I have a fantastic daughter and son-in-law, who have given me a beautiful grandson, and named him after me. My daughter, who I never see because of our schedules, is a wonderful comfort. I’m looking forward to seeing her tomorrow when we have Thanksgiving dinner at Mom’s. We are eating on Friday so she can go to her inlaw’s house today. And then there is my 90-year-old mother, who is a rock to me even now, as I face 60 with all my present troubles. So many others don’t have a parent like her, or don’t have children. I also have three great step-sons, four step-grandchildren, and two daughters-in-law, all of whom are important to me and whom I love. In my extended family, I have nieces and nephews who live close, and my Aunt Eedie and Uncle Roy, in Florida. I love Eedie and Roy like siblings. When I lived in Virginia they lived in the next town over, and we spent holidays together. I remember enjoying Thanksgiving at their house — Roy’s Italian Mom would fix manicotti and lasagna, and we had a turkey, too. Now retired and in Florida, Roy sends me stories he writes, so I always have something interesting to read – and Eedie is like a sister/mom/friend. And then there are my friends, and I have a lot of good friends.
My best friend from grade school, Noreen, is still a close ally. She and I talk on the phone regularly, and even though we live two states away from each other, we buoy each other up. I also have other very close girlfriends; Marilyn, whom I’ve known for 30 years, and who lives nearby; Karen, my best buddy from grad school, who lives in Fayetteville; and my sisters, Charlcie, Beth, and Martha, brothers John, Jerry, and Allen, all living. I count my siblings among my friends, because they are. We sort of grew up together, but I am in a 15 year gulf between them in age. I was the middle child. So I’ve gotten to know them better as adults.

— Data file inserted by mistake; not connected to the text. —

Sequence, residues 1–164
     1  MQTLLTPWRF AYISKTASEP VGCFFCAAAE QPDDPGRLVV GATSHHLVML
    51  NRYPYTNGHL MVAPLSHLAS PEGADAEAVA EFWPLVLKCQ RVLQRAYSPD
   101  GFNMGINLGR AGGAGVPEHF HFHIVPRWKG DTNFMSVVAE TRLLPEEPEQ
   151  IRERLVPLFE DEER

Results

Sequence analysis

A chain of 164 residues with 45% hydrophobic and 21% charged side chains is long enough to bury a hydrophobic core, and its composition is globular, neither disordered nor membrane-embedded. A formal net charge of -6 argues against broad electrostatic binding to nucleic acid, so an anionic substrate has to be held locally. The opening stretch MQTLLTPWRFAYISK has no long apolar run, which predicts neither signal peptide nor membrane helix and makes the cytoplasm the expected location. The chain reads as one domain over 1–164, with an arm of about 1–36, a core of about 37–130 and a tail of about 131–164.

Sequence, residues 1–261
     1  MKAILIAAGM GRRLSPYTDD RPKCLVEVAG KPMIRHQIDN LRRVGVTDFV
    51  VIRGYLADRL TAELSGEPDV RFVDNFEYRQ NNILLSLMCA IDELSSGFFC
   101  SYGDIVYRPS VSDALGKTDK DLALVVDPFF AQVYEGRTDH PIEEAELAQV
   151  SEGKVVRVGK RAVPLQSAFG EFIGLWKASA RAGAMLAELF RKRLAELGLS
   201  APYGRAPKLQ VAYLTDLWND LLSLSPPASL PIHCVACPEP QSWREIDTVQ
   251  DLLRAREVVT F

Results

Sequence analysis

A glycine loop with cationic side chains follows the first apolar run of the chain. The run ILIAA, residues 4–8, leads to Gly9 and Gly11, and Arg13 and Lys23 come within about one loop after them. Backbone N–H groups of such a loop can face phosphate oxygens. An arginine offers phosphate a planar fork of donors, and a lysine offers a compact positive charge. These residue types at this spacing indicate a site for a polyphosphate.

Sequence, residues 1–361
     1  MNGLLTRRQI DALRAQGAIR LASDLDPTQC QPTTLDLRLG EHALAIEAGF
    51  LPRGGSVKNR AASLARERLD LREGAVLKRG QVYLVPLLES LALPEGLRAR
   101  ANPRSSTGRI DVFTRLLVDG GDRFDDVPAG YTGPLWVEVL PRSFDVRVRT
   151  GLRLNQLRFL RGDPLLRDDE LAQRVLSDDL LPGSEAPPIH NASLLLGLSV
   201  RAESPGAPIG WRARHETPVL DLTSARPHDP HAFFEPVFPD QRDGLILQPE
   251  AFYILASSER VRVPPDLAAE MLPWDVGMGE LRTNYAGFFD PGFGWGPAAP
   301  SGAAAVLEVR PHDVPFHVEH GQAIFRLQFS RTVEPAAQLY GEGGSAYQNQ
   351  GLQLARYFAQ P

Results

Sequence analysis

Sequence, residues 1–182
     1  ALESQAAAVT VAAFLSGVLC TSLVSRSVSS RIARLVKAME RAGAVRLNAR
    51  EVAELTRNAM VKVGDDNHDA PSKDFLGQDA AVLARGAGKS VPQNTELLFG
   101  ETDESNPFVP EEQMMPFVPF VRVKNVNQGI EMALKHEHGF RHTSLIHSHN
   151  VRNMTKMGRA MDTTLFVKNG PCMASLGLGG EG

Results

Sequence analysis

I also have friends at school, like Cora J., a beautiful, smart and quiet person who, when she does talk, always has something profound to say in the most beautiful way. I love her – and I know that she and I will always be close, even after school is over with for both of us. I have friends from where I used to work, I have friends at the real estate office, and I have friends who are clients. Michael and Carla, who just moved back from Mississippi, and are living in Bentonville, Joan Y., who is a writer and an old friend from the library board, and Dee S., who not only let me sell her home but also bought another one through me, and then took my online course in oral communication! Dee and I share an interest in many things, and she will always be a good friend. Then there is Jacque, who I met through Marilyn, and is one of the nicest people I know. And, the list goes on. I am, truly, blessed.
In the end, it appears I have more to be thankful for than I thought. In the end, it will all be OK. And that makes me think of a fairly new American proverb: no pain, no gain. This part of my life will also pass, and when it does, I will have a new appreciation for everything good in my life. Instead of feeling sorry for myself, I intend to spend this day of Thanksgiving thanking Providence for all the good in my life, and invoking the good in the universe to reach out and touch other people who need some of the good fortune I have enjoyed. Blessed be!

Our Farm as seen from the yard